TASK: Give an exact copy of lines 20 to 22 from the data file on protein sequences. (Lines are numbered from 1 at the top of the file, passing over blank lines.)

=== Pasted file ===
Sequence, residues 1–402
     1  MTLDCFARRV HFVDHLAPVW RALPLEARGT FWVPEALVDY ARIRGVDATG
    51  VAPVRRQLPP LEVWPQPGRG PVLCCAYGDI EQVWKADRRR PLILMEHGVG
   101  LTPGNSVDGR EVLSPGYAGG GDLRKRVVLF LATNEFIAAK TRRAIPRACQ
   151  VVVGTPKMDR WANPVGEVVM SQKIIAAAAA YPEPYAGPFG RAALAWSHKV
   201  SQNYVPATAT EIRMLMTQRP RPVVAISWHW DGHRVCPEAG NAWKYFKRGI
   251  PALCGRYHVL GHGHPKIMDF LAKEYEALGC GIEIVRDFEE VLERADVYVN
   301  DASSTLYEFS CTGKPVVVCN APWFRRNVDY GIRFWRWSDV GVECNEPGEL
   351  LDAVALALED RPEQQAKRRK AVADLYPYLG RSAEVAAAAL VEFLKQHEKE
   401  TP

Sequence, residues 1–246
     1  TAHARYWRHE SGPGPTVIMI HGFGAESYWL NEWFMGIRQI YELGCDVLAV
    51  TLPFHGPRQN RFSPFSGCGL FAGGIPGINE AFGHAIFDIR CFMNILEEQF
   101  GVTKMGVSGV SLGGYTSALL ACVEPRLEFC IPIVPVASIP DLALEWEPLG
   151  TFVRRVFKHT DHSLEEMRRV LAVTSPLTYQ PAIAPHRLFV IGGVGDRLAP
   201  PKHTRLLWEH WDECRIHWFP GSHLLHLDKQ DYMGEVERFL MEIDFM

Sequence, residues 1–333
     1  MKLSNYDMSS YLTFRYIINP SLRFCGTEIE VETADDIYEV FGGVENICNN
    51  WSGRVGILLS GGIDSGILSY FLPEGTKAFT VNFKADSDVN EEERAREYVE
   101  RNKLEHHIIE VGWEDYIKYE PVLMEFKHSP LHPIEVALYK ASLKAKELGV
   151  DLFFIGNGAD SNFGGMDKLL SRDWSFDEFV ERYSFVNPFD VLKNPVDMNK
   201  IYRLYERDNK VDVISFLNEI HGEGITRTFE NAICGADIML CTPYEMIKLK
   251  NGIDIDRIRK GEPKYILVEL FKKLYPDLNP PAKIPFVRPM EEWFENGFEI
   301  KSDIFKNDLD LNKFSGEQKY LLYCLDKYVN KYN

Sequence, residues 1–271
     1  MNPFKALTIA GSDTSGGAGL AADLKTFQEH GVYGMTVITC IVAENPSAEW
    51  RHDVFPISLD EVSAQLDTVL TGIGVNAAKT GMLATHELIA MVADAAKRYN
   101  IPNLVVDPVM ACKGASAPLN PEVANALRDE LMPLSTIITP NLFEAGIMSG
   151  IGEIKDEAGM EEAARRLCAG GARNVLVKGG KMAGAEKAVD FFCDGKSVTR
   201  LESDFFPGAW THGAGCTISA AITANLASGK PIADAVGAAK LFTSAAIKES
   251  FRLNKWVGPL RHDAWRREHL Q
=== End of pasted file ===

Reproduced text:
   101  RNKLEHHIIE VGWEDYIKYE PVLMEFKHSP LHPIEVALYK ASLKAKELGV
   151  DLFFIGNGAD SNFGGMDKLL SRDWSFDEFV ERYSFVNPFD VLKNPVDMNK
   201  IYRLYERDNK VDVISFLNEI HGEGITRTFE NAICGADIML CTPYEMIKLK